John C. Kirk (johnckirk) wrote,
John C. Kirk
johnckirk

Well, now that my exams are over, the lectures have commenced. I'm a bit busier this term, primarily because I'm doing 6 modules rather than the usual 4 (since I blagged my way onto the other 2 AI related courses). The upshot of this is that I have classes every day, including a 10am start 3 times a week - most uncivilised, I say! It's basically been intros this week, so nothing too complicated, but the subjects certainly sound more interesting than last term's, i.e. a bit more advanced. One interesting thing yesterday in the "random algorithms" class - there are only 6 of us registered for it, and we all said that we were finding the pace too slow. The lecturer (who's new to Kings) recommended one particular textbook, saying that it's very good, but quite hard. Apparently he was originally planning to teach out of it, but then the department told him "don't you dare!" - dumbing down in action. But since we're all happy to move faster, he may revert to that plan by next week.

I'm thinking of changing one of my options - dropping "network optimisation" (which seems to have a lot of overlap with last term's "graph theory" module) in favour of cryptography. I read "Cryptonomicon" (Neal Stephenson) last term, which was interesting, and as a result of that I bought two thick books (about 1000 pages each) on the subject. One of these is a recommended textbook for the course, so I figure that if I'm going to read it anyway, then it would be good strategy to do it as study for the exam. This is a subject that interests me, but I chose not to do it (when I filled out the forms last term) on the grounds that I couldn't really justify it - I needed to do subjects that were as close to AI as possible (for the PhD plan). But now that I'm doing the two extra modules, I'm sorted there, and I can probably sneak into the NOP class after I drop it (quite high numbers).

So, speaking of the new courses, I had the first one today - NLP (Natural Language Processing). This is another fairly small class (about a dozen of us), and it's taught by Prof Lappin (my project supervisor). He was pleased to see me when I arrived, and at the end of the class he asked me whether I still wanted to do the project (I said yes), which pleased him even more. So, this all bodes well for our future working relationship. The impression I get from lots of lecturers at Kings is that they like enthusiasm - they're pleasantly surprised whenever a student shows signs of actually being awake :) On the subject of enthusiasm, I'm really keen on this course. I was reading a book that the prof (I'm not sure whether I'm allowed to call him Shalom (his first name) yet) lent me, which is also on this subject, and I had the same reaction to both things (book and class) - this is what I came back to university for. The basic idea of the reading he's giving me is to get me up to speed on the latest theories/development in this area (anaphora resolution), and after that I certainly won't be rehashing old stuff. I'll actually be "on the frontier", pushing back the boundaries of human knowledge and all that. Pretty cool :) So, now I just need to start learing Prolog...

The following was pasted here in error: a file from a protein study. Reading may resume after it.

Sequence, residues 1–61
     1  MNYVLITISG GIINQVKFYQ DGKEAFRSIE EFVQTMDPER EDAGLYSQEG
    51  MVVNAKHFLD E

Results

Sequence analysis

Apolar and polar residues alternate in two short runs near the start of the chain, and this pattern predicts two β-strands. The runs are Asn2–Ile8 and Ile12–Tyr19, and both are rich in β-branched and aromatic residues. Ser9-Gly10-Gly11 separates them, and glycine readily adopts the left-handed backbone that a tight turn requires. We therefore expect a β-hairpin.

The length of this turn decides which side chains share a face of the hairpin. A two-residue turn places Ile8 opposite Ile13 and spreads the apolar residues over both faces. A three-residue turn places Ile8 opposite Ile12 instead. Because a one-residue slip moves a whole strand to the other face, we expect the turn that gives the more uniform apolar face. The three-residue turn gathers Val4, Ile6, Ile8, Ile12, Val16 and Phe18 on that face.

Aside from textbooks, I now have enough time on my hands (post-exams) to read novels again. So, I borrowed Lorna's copy of "Night Watch", which I enjoyed. Without going into spoilers, there was a nice acknowledgement of the changes that have taken place at Unseen University since "The Colour of Magic". I've also been attempting to read "Dragonflight" (Anne McCaffrey) - I tried reading one of her dragon books when I was at school, but gave up on it. Various people in ICSF have branded me a heretic for this, so I'm having another go, but I'm not very impressed so far. My main issue is that she keeps introducing terms without explaining what they mean. For instance, on page 17 two people are discussing security arrangements (defences) for the castle, and one of them says "I must ask that of your harper. You do keep a trained harper in your Hold?" Now, my immediate thought is that a harper is someone who plays a harp. But maybe there's another meaning that I'm unaware of, so I looked it up in an online dictionary, which said exactly the same thing. So, either the minstrel is in charge of supervising the defences, or this term has another meaning. It seems like any second meaning is either one that the writer made up (like several other terms she doesn't explain), or sufficiently obscure that neither I nor the dictionary have encountered it. So, this strikes me as being needlessly cryptic - a cheap trick to "impress the rubes". I'm sure that all will be explained in due course, but I'm only sticking with it because it's been so highly recommended. It's a bit like the cable TV syndrome - there are hundreds of novels that I could be reading at the moment, so why should I waste my time on this one if the author is just going to arse about? I suspect this counts as ambience or style or something, which may explain why I read mostly SF rather than fantasy :)

In other news, had a phone call earlier from a loans company who I recently paid off a loan too, asking if I wanted to borrow more money. Second time that's happened in the last few weeks... It does make me smile, considering that 10 years ago I couldn't even get a store card! Ah well, hopefully my credit rating will hold up for a while, despite the "zero income" business - I'm sure it will come in useful later.
Tags: books, debt, postgrad
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